Right now the Wallabies are feeling the Bledis-LOW, the valued piece of treasure has been with the All Blacks a bit too long and tonight the heat is on.
History, Monkey on the back, record loosing streak and pressure are key phrases that the media is firing at Robbie and the Wallabies as they prepare to face the All Blacks in Christchurch.
Now the interesting part is that this is all fair enough, it is also fuel for the wounded and there is nothing quite like an Australian under pressure with their back against the wall. Tonight is the start of respect, it is also going to be a mighty challenge for the men in Gold to achieve, tough is an understatement, but achievable? yes!
One common link with Kiwi’s and Aussies alike is that they thrive on the underdog tag, toppling the world at many things when many people think they haven’t got a hope in hell of doing so.
Robbie must be twitching at night, he is back in his old home town,it is a place that if he ran for Mayor he would bolt in. The twitching and funny urges will be that he cemented a legacy in Christchurch, firstly as a player and then as a super coach, now the great structure he built he must destroy.
In 80 minutes tonight we will see if it was built with concrete, or was it a sand castle he can unlock.
One thing for sure is Robbie believes he is on track, well for the 2011 RWC anyway. This topic rises to the surface and be it a decoy, or reality, a win soon is a must for his master plan to have time to pan out. Without a win or some true guts oozing out over the rugby field, these Wallabies need to indicate that the tide can be turned under Robbie's guidence.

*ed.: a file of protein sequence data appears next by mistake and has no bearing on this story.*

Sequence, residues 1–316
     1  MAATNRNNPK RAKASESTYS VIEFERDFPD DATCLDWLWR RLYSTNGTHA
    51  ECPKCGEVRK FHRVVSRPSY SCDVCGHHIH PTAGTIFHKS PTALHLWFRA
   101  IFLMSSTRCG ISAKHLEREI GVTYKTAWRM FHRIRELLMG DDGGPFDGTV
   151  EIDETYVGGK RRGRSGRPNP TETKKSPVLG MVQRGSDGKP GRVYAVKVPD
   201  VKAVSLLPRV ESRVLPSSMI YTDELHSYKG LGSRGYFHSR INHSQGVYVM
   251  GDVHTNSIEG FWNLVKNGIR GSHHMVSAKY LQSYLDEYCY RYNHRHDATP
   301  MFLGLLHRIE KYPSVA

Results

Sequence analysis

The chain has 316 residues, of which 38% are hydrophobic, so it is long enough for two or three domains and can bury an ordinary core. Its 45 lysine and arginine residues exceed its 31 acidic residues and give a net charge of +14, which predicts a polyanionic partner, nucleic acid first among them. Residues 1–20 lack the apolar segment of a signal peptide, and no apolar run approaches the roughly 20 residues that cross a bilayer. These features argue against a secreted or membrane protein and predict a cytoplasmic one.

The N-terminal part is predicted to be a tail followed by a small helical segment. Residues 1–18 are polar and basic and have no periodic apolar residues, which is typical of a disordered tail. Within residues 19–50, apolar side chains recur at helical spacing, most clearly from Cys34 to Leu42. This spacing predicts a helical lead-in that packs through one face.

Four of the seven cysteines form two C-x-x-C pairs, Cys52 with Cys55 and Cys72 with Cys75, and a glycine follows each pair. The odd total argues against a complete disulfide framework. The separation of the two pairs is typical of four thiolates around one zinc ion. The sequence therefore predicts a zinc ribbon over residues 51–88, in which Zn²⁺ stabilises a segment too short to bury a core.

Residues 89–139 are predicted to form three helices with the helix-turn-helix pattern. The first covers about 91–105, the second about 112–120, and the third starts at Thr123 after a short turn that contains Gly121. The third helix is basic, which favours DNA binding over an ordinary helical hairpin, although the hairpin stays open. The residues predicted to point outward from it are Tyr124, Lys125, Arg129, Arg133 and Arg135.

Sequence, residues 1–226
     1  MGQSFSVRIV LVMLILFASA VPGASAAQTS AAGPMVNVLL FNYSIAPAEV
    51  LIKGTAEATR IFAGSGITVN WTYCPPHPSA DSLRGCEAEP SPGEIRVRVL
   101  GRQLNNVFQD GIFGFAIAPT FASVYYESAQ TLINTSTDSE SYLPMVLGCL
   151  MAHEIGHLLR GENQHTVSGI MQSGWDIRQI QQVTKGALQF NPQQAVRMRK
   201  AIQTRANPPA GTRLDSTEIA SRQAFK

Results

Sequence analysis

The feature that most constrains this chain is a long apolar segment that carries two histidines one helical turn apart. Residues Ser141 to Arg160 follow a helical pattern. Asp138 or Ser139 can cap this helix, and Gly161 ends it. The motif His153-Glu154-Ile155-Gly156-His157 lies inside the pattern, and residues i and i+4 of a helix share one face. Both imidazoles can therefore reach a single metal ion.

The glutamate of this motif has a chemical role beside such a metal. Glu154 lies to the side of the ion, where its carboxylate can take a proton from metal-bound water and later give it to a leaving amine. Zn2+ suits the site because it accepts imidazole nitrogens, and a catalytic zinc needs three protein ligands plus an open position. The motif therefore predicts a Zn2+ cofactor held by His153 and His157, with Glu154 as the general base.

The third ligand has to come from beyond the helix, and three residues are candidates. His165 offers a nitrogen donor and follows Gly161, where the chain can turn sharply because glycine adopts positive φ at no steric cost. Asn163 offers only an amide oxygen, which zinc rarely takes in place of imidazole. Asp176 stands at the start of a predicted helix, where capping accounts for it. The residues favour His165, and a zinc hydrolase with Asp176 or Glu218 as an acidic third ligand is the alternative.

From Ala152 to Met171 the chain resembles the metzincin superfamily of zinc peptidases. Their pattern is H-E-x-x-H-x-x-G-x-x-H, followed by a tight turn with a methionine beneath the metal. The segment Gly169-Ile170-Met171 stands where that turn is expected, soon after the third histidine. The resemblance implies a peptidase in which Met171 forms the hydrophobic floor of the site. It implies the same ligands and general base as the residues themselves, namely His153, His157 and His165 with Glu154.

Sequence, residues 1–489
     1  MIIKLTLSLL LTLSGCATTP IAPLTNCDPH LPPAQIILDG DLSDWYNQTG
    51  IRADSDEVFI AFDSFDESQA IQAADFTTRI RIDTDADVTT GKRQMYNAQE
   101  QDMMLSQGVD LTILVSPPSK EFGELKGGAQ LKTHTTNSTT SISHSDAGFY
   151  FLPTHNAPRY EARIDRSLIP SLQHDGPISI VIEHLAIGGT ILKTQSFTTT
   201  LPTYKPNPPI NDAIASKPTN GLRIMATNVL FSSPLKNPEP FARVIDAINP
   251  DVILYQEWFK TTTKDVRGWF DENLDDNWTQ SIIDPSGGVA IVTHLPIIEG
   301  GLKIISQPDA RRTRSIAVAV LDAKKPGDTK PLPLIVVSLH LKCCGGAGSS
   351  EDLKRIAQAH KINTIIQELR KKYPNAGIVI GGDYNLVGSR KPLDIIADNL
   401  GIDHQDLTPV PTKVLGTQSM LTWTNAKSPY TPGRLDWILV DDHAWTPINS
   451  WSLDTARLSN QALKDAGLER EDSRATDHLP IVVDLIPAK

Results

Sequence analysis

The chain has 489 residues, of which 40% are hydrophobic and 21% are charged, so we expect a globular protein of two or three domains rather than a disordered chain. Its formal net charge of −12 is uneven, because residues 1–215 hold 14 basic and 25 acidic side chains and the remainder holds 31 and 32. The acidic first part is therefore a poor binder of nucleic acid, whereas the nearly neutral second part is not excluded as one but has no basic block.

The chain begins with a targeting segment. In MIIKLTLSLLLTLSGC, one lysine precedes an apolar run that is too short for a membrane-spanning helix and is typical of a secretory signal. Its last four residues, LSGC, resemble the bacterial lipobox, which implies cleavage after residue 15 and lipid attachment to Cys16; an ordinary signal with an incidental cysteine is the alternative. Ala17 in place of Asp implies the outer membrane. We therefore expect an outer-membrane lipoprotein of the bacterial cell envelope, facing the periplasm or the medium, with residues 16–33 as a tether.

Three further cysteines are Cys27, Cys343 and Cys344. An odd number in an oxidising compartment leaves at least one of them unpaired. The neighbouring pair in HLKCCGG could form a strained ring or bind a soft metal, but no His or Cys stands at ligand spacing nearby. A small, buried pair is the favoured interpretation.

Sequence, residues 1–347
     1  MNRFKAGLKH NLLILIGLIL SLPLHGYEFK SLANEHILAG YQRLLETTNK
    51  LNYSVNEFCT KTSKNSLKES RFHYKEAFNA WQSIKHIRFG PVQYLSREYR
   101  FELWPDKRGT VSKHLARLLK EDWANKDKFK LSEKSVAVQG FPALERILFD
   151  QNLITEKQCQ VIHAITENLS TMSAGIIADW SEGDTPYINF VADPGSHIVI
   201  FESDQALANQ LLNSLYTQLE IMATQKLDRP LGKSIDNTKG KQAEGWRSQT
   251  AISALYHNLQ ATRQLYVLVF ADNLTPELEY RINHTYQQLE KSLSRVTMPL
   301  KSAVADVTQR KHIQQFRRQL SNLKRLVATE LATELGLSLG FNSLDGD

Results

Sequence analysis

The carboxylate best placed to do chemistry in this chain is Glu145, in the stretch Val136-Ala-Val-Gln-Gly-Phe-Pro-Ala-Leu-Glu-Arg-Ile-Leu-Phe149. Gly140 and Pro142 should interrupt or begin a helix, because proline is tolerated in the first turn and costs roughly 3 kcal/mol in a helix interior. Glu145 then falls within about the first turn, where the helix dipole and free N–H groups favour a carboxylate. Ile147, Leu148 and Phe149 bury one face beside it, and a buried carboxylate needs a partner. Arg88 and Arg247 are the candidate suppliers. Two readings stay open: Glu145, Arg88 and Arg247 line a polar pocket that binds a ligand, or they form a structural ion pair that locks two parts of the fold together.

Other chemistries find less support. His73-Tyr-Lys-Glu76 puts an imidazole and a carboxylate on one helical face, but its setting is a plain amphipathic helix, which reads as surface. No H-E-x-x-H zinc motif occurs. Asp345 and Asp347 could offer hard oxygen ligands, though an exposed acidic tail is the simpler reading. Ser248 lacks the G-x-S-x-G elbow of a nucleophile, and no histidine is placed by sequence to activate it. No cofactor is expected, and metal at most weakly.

No doubt Robbie is a guru and here are a few quotes from him this week.
“We want more”.
“ We don’t like loosing moments in games, net alone the whole game”.
“This time will serve this group well, regardless of the outcome in the weekend.”
“Pressure is what you allow to impact on yourself, you can’t see it, pressure is not visable- our team has to master their own emotions.”
Writing this article I am a Kiwi fan from way back, the signs of this season have been pleasing, however against Australia caution is always near the minds thoughts. The All Blacks were nothing short of class and destructive against South Africa in Auckland, since then they have been good, but not great.
Australia will be gutted beyond belief, now is the time for the Aussie battler tradition to come to the fore.
Australia v New Zealand at Christchurch – Historical Notes
- Australia won on its maiden appearance at the then Lancaster Park in 1913, inflicting a 16-5 defeat on New Zealand in what was the first ever Test match at the venue.
- Saturday night represents the 16th game between the two teams in Christchurch, with New Zealand having won nine times, while Australia has claimed six wins, most recently 27-23, 12 years ago.
- Australia’s 27-23 win over New Zealand in 1998 is the last instance of the All Blacks being beaten in a Christchurch Test. New Zealand has won 10 straight in the city since that match, with Australia twice falling during the unbeaten run.
- Australia won five of the first six trans-Tasman Tests played in Christchurch (in 1913, 1921, 1928, 1952 and 1958), but has prevailed just once in the time since.
- Current Qantas Wallabies coach Robbie Deans was the coaching coordinator of the All Blacks when New Zealand beat Australia 12-6 at Christchurch in 2002.
- Saturday night will see Nathan Sharpe play his 85th Test match, setting a new record for the most games by an Australian second-rower, edging ahead of the 84 games as a lock played by ex-skipper John Eales.
- This is the 162nd match of a trans-Tasman rivalry between teams representing Australia and New Zealand that dates back to 1903 when New Zealand won the inaugural meeting 22-3 in Sydney. These figures include 39 matches played between 1920 and 1928 when NSW represented Australia in matches that were granted official Test status by the Australian Rugby Union.
- Of the 161 games played between the two nations, New Zealand has won 111 and Australia 45, with five draws – the most recent of which occurred 20 years ago, 19-19 at Brisbane in 1988.
- The Bledisloe Cup was donated by the then Governor General of New Zealand, Lord Bledisloe, for competition between the two countries in 1931.
- Australia won the trophy for the first time in 1934, beating New Zealand 25-11 in Sydney.
- The last example of an Australian win on New Zealand soil was in 2001, when the Wallabies scored 23-15 in Dunedin. The All Blacks have won the 10 games that have been played between the two teams in New Zealand since that match.